From the New York Times:
Cliff Robertson, the ruggedly handsome actor who won an Oscar for “Charly” but found himself frozen out of jobs for almost four years after he exposed a prominent Hollywood studio boss as a forger and embezzler, died Saturday on Long Island. He was 88 and lived in Water Mill, N.Y.
A son-in-law, Donald Saunders, said Mr. Robertson died at Stony Brook University Medical Center a day after his birthday.
His long movie career began with “Picnic” in 1955 and continued through “Spider-Man” and its two sequels in the 21st century. Also a familiar face in television dramas from the earliest days of the medium, he was consistently praised by critics, but never quite reached the top echelon of movie stardom.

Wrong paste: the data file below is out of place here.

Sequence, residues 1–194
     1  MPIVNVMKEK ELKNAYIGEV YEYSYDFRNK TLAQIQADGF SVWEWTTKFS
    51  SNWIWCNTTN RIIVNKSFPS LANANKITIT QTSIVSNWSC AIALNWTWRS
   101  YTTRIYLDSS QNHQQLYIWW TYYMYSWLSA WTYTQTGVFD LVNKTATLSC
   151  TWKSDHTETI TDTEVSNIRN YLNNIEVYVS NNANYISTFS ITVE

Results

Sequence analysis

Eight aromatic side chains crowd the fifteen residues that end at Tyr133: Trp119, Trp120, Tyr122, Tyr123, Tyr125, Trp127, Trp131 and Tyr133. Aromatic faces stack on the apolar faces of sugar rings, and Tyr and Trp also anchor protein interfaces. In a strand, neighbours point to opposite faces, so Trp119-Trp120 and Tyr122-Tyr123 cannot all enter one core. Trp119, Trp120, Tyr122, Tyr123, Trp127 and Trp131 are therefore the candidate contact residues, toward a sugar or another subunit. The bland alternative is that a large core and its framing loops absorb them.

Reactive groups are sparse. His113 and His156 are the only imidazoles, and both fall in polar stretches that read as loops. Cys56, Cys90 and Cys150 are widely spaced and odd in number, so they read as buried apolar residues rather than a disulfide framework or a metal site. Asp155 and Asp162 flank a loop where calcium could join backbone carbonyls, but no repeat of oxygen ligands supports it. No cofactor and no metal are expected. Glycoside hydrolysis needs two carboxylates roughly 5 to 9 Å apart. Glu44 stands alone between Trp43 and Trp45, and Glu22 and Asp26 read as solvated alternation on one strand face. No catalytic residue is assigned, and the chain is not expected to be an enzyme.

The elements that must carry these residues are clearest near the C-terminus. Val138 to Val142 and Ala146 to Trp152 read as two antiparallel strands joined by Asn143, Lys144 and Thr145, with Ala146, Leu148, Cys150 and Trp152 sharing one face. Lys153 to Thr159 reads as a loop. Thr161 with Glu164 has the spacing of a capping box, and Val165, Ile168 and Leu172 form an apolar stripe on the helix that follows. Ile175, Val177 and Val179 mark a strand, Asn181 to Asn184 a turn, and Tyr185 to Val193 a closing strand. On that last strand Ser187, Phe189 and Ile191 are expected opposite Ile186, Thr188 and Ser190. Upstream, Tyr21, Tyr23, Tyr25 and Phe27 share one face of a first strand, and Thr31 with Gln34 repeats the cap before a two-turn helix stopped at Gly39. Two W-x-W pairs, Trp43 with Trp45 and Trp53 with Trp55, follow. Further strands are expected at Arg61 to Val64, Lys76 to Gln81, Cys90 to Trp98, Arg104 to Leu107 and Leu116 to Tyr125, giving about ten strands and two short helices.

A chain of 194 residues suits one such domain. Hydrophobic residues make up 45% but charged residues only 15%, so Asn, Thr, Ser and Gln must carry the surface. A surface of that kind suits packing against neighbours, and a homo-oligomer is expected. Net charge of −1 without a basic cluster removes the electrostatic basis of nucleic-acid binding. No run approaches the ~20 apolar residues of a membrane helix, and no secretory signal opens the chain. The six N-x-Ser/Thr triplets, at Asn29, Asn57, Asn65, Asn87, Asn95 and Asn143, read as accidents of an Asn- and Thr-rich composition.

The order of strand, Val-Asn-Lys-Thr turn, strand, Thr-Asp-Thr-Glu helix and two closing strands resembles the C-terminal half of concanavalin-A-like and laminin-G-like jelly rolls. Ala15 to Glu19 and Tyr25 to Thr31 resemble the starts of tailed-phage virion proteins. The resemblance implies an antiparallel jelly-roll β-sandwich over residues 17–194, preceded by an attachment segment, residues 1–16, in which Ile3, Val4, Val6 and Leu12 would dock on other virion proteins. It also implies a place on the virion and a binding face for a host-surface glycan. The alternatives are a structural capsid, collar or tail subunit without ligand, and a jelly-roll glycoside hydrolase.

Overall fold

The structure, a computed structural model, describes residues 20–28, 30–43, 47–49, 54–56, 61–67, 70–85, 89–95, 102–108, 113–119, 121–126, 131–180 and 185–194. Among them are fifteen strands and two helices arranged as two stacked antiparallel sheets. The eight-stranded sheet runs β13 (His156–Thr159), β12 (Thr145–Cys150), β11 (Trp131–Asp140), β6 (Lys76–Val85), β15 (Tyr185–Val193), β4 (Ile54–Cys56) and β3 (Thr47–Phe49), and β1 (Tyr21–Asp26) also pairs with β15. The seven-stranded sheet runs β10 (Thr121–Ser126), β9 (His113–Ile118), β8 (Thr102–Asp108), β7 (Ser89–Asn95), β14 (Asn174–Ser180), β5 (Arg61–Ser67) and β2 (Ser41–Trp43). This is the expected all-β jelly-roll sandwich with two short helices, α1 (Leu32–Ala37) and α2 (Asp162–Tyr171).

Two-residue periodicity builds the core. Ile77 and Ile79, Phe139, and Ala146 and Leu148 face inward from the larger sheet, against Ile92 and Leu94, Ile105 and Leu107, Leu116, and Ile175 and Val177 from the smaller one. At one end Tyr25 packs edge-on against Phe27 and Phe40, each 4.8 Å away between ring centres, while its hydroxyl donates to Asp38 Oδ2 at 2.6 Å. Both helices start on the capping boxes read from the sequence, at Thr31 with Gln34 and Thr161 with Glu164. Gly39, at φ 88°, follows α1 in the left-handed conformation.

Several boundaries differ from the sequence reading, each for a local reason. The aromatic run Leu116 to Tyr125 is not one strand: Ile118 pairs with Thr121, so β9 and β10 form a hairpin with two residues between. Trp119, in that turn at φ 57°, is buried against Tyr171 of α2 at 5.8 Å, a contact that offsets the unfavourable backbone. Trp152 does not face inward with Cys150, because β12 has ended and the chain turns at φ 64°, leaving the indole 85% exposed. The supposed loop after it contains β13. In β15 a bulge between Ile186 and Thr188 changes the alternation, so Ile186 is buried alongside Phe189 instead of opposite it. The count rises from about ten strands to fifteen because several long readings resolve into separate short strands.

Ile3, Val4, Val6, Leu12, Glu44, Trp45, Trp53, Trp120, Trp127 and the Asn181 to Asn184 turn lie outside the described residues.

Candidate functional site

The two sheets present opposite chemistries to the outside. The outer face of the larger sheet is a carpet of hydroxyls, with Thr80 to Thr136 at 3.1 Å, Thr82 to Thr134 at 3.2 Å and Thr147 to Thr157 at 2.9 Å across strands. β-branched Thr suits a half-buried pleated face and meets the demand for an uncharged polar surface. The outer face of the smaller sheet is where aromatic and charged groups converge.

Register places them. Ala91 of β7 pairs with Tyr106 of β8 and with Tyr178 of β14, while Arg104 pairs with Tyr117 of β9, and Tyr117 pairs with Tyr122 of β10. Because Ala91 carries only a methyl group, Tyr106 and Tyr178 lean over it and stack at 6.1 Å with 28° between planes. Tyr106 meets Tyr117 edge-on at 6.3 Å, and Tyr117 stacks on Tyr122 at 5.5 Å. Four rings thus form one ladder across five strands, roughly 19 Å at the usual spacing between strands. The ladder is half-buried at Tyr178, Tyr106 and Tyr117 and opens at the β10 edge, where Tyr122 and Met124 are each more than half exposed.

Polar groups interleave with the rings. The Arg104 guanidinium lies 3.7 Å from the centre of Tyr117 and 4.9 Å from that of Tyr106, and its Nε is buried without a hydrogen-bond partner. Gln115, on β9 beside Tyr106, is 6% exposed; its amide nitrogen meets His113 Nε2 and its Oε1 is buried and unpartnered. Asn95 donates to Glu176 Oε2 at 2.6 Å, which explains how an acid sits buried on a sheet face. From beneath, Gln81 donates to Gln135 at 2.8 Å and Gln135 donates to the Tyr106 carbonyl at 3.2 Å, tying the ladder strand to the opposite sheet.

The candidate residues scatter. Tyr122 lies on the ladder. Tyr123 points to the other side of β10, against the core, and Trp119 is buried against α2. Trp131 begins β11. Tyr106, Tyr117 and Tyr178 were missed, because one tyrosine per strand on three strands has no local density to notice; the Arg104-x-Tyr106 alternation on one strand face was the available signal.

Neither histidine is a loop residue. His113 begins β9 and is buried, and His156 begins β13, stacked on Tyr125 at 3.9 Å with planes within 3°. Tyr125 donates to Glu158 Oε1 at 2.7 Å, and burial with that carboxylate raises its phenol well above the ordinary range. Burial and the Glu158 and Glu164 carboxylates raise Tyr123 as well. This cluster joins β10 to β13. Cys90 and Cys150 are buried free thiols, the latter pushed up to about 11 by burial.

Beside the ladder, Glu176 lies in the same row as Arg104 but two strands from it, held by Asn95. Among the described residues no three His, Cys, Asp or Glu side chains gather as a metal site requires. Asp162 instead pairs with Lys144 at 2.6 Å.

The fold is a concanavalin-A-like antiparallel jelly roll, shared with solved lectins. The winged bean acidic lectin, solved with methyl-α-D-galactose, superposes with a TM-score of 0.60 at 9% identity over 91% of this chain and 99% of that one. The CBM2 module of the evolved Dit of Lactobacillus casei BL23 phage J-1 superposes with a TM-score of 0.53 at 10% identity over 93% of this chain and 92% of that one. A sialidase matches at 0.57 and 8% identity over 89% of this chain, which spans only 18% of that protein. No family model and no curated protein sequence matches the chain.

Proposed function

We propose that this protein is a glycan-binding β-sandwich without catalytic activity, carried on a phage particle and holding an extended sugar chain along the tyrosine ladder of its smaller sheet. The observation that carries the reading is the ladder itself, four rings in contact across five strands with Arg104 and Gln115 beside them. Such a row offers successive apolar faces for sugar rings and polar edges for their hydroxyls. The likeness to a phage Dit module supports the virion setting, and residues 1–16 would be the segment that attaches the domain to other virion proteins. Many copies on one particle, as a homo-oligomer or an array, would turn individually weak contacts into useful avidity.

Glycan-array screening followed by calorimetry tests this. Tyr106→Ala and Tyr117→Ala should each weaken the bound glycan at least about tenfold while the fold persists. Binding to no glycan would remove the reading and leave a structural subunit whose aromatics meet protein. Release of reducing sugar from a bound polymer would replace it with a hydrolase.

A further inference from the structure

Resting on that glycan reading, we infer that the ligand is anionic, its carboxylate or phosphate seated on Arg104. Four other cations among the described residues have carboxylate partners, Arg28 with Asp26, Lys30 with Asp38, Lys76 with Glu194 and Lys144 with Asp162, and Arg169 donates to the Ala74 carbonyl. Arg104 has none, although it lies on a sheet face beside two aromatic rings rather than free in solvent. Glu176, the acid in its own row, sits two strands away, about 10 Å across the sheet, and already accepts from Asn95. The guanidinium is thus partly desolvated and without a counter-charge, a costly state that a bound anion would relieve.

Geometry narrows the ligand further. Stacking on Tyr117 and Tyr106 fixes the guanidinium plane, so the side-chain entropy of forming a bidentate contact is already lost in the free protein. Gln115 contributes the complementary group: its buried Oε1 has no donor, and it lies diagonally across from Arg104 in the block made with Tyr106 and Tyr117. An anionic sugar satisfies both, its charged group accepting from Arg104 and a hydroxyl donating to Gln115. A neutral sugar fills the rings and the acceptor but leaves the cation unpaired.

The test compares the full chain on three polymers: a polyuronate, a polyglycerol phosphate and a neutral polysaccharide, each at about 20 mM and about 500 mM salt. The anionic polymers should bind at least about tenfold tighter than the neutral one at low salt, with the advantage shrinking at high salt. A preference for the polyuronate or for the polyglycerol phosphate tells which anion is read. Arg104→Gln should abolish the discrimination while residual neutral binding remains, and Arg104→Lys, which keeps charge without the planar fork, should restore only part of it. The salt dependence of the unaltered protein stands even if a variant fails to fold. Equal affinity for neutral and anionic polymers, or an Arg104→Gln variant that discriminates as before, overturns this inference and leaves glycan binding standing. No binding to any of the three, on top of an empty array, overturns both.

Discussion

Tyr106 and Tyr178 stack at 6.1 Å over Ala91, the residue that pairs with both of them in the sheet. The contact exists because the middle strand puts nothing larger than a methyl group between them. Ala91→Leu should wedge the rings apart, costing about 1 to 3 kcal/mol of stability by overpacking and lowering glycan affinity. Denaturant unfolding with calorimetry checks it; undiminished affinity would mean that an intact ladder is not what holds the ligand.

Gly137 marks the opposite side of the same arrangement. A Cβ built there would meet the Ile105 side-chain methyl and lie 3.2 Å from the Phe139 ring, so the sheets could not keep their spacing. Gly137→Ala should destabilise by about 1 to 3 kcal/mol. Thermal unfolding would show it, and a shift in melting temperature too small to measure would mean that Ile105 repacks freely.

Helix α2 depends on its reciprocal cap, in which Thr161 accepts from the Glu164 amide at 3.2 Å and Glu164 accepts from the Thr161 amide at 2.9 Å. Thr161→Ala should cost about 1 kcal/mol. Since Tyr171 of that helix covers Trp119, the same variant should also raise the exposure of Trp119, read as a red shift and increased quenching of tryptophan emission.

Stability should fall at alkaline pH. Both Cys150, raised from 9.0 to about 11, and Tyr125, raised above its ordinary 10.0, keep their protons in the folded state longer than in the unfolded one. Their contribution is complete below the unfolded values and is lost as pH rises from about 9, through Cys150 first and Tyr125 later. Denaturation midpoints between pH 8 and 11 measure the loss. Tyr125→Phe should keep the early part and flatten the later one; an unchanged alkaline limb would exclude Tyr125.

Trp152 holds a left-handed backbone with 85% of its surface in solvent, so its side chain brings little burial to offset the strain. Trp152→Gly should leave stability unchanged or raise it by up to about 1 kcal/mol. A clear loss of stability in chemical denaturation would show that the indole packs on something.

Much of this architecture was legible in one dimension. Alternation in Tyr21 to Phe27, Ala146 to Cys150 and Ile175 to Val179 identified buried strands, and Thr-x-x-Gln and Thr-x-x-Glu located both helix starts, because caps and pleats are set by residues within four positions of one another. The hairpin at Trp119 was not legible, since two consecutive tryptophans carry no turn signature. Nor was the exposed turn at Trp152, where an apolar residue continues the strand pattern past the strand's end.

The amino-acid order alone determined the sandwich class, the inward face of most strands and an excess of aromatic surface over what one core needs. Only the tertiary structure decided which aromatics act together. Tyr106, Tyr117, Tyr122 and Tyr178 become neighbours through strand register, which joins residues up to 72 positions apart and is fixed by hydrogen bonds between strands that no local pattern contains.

Mr. Robertson, a frequent critic of the movie industry who once said he went to Hollywood only to work and never to live, blew the whistle on David Begelman, the president of Columbia Pictures, in 1977 after he discovered that Mr. Begelman had forged his name to a $10,000 studio check. Mr. Begelman was subsequently accused of embezzling more than $61,000 from the studio.
He pressed his complaint against the advice of many in Hollywood who did not want Mr. Begelman to become a liability to the movie industry. Mr. Begelman pleaded no contest to charges of grand theft and was fined $5,000 and sentenced to three years’… (read more)